Tissue-type plasminogen activator (tPA) catalyzes the rate-limiting initial step in the fibrinolytic cascade. Systemic infusion of tPA has become the standard of care for acute myocardial infarction. However, even the relatively short duration protocols currently employed have encountered significant hemorrhagic complications as well as complications from rebound thrombosis. Gene therapy offers a method of local high level tPA expression over a prolonged time period to potentially avoid both systemic hemorrhage and local rebound thrombosis. To examine the impact of local tPA overexpression, an adenoviral vector expressing tPA was created. The construct was functionally characterized in vitro, and the function of the vector was confirmed by in vivo delivery to the rabbit common femoral artery. Systemic coagulation parameters were not perturbed at any of the doses examined. The impact of local overexpression of tPA on in vivo thrombus formation was subsequently examined in a stasis/injury model of arterial thrombosis. The construct effectively prevented arterial thrombosis formation in treated animals, while viral and nonviral controls typically developed occluding thrombi (P<0.01 relative to viral and nonviral controls. Across all sections, buffer treated animals averaged 66.5% (+/-13.7%) cross sectional thrombus, while viral controls rose to 78.2% (+/-7.1%). Vessels treated with the adenoviral-tPA construct, in contrast, averaged 19.3% (+/-3.2%). These results remained after three days, during which most rebound thrombosis would have occurred. Thus a locally thromboresistant small caliber artery with minimal risk of systemic hemorrhagic complications can be produced using this construct.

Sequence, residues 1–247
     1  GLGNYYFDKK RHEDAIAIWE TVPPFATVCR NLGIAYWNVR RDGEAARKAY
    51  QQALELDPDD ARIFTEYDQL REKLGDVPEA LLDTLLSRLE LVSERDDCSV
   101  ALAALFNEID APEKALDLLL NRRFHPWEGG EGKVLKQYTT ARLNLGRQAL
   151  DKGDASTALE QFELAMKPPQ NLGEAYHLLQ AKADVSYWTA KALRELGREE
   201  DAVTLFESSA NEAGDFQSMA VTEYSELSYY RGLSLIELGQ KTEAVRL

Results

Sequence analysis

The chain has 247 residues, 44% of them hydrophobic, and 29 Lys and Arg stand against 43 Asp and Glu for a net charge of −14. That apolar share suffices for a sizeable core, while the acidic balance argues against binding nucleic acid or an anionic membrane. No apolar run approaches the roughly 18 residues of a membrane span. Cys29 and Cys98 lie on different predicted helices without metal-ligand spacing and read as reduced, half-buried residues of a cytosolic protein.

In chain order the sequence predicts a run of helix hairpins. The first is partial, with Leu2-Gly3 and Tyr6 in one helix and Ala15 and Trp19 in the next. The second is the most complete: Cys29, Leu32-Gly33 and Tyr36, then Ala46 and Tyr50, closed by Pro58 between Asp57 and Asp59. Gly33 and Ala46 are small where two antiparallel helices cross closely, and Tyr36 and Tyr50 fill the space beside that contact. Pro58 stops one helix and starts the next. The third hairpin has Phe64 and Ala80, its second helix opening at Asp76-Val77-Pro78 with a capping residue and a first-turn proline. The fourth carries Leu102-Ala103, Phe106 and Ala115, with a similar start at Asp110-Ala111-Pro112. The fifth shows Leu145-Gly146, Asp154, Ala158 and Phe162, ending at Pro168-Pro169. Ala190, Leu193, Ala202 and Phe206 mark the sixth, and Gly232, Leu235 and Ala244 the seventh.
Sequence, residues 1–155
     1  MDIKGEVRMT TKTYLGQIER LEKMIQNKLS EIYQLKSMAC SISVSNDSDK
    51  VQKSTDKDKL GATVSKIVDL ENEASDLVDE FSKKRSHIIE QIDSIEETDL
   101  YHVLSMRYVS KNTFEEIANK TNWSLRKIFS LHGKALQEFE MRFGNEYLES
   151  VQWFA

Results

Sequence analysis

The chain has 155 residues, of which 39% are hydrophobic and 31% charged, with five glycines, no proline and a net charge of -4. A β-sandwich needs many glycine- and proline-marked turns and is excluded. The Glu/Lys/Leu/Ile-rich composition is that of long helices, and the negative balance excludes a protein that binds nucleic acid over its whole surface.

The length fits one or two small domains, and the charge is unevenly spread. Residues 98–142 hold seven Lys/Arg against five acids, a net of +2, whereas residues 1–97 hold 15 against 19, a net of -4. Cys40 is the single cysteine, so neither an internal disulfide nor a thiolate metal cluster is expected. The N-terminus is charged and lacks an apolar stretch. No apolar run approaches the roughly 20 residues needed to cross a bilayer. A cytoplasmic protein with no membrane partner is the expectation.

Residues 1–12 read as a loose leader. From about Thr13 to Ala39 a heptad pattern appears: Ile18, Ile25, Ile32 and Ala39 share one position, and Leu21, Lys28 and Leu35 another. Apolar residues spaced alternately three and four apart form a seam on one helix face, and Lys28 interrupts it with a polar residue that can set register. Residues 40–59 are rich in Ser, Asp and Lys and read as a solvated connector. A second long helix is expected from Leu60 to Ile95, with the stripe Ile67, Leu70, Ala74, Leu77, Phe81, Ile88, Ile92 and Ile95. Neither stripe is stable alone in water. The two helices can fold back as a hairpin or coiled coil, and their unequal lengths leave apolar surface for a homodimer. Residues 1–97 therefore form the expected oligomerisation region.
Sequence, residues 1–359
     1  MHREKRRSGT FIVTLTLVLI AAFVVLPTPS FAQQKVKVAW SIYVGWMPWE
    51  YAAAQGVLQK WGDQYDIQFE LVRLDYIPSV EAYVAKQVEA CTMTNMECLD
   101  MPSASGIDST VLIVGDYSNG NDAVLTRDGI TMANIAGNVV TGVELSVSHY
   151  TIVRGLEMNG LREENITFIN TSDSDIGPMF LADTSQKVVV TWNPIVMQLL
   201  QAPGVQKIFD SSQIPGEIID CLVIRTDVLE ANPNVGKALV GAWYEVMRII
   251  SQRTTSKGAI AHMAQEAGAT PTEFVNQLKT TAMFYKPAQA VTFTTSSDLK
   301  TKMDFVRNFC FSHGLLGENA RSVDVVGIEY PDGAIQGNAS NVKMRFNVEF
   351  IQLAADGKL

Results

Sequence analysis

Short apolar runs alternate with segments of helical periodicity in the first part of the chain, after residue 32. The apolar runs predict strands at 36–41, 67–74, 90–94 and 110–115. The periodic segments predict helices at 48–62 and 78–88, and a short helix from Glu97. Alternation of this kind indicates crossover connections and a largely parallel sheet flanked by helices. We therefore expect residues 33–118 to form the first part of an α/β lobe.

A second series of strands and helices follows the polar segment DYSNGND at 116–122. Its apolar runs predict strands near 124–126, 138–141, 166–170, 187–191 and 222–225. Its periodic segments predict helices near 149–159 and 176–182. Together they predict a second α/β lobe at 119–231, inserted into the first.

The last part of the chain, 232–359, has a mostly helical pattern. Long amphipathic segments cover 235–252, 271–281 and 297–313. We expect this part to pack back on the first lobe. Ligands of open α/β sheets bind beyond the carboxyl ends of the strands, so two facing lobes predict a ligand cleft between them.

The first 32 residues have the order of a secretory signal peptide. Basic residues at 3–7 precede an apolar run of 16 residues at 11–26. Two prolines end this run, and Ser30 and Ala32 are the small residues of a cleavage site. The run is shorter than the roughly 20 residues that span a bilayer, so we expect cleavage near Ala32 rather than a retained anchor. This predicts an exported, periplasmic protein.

|Original language||English (US)|
|State||Published - Mar 20 1998|
ASJC Scopus subject areas
- Molecular Biology